bad," Maurer said.
Adequate education is not being
provided to all hospital employees,

KENNETH SMOLLER/Daily
not properly trained. "People who
are working with patients don't
have enough education," he said.
Laura Kaufman, a nurse practi-
tioner in the hospital's Employee
Health Services, which provides
anonymous HIV testing for Uni-
versity employees, said not all the
nurses who perform HIV tests are
HIV-certified, but added that a
nurse does not have to be certified to
test.
She said, however, that the nurses
are better educated than people who
are not involved in HIV testing.
"We don't know that everyone is
well educated. The people who do
direct patient care are more educated
than people who don't."
But Toy said this action is not
enough. He suggested a mass train-
ing of all hospital employees on is-
sues surrounding AIDS and the HIV
virus.
"Every new hire of the medical
center needs to go through routine
training about AIDS," he said.
Living with
AIDS
While the debate over Univer-
sity policies and University Hospi-
tal practices continue, people are
more concerned than ever with the
virus' immediate effect on their
lives.
"You have to be really careful
with everything you do. I even feel
nervous using public facilities,"
said LSA sophomore Christine
Warner. "It's sad that we have to
live in this type of world."
However, some live with fear on
a constant basis. "I found out I was
HIV-positive five years ago Febru-
ary," Joe said at the World AIDS
Day Panel discussion Tuesday.
"That was devastating news - it
still is devastating news on a day-
to-day and moment-to-moment
basis."
- Daily Staff Reporter Lauren
Dermer contributed to this story

days after the press conferences,
after the editorial columns that
read more like eulogies than
anything else, or - most impor-
tantly - after we pricked our
collective consciousness to the
reality and danger of AIDS,
America has fallen back into the
status quo.
Nowhere was this more
evident to me than right here on
campus.
In the first few days after
Magic made his stunning an-
nouncement, and pledged a
nationwide AIDS education
campaign, the University's
hallowed halls were buzzing with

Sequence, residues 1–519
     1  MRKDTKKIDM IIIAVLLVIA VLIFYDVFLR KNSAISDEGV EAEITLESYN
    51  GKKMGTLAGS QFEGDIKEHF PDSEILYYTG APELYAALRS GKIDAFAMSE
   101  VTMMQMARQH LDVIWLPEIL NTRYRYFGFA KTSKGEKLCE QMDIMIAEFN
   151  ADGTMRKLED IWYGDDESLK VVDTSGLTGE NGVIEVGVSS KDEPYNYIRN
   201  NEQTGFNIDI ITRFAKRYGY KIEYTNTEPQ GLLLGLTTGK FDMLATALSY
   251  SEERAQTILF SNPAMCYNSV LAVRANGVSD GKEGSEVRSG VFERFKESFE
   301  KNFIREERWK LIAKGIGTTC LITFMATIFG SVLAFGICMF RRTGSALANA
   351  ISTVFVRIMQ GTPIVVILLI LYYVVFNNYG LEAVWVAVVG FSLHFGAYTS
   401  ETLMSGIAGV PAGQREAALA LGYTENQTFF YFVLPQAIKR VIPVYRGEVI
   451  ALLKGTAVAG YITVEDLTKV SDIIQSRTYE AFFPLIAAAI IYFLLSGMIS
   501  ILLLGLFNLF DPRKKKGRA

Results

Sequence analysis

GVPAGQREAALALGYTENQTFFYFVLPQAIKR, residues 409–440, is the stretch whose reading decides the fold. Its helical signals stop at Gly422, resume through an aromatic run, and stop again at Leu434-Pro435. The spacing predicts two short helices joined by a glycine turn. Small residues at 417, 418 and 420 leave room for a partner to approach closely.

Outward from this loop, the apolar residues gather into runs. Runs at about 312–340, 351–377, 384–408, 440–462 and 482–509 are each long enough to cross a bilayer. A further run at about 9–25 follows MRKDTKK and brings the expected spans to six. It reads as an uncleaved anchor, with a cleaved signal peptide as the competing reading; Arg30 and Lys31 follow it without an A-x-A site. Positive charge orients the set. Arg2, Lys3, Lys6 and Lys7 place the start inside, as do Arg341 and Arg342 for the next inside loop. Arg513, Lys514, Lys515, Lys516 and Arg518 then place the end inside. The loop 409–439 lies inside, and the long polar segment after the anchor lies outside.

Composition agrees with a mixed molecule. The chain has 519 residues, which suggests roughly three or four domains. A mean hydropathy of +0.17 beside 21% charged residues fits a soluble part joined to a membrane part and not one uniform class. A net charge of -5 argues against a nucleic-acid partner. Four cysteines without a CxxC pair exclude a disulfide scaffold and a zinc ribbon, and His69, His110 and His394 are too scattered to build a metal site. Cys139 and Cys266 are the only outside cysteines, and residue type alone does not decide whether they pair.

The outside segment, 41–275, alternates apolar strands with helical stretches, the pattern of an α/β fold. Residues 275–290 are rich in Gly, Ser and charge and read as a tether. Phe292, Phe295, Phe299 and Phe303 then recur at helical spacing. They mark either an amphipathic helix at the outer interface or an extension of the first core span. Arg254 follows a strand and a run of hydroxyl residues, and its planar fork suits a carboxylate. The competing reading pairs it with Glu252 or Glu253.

talk about AIDS. In classes and
cafeterias, and in libraries and
lounges, whether students thought
Magic was morally right or wrong
in his predicament, they were
reminding themselves that AIDS
isn't just a disease that other
people get, something only
homosexuals and IV drug-users
have to worry about. It's
everybody's problem.
That renewed awareness
reflected pretty brightly over at
University Health Services, too.
Requests for AIDS tests in the
week immediately after Magic's
announcement were "substantially
higher" than during other weeks,
according to UHS officials. And
store clerks at the Village
Apothecary on South University
reported increased condom sales.
But now, the pro-awareness
kick is fizzling. I don't hear so
much talk about AIDS around
campus anymore - not in the
libraries, not in the cafeterias, not
even here at the Daily. This past
Tuesday was World AIDS Day,
and most students opted to study
for upcoming final exams instead
of attending any of the campus
events.
At Health Services, the mad
rush for AIDS tests has also
calmed. Dr. Cy Briefer, Director
at UHS, said the big interest
seems to have passed.
Briefer added that what
disturbs him even more about
students' apparent flash-in-the-
pan reaction to Magic is the lack
of change in everyday behavior
that he sees.
"In all the data we have, it
looks like most students generally
have a high knowledge of AIDS
and how it's transmitted," he said.
"The big problem, though, is
getting them to translate that
knowledge into behavior."
Briefer said students' social
habits sometimes conflict with
good sense in terms of AIDS
awareness. We aren't very likely
to be involved in long-term,
monogamous relationships; we
have an admittedly foolish sense
of invincibility; and when alcohol
or other drugs are involved, we
often throw caution to the wind
and indulge ourselves unwisely
and unsafely.
And you can see it in any
social circle on campus. House
parties, the greek system, bars,
you name it.
It's not so much that we don't
know, but that we act like we
don't know.
Marc Zimmerman, an assistant
professor of health behavior and
education, agreed.
"Many college students still
think they won't get it - they
think we're past the real scare,"
he said. "That's potentially very
dangerous behavior."

And a change in that behavior
isn't very hard.
It doesn't mean we have to
nractice abstinence. And it

Top: Panels of the
Names Project AIDS
Memorial Quilt are on
display at the Jewish
Community Center in
West Bloomfield.
Above left: Blood
samples are being
placed in a centrifuge
at Health Services
I nhnratnrv Tha hlnn e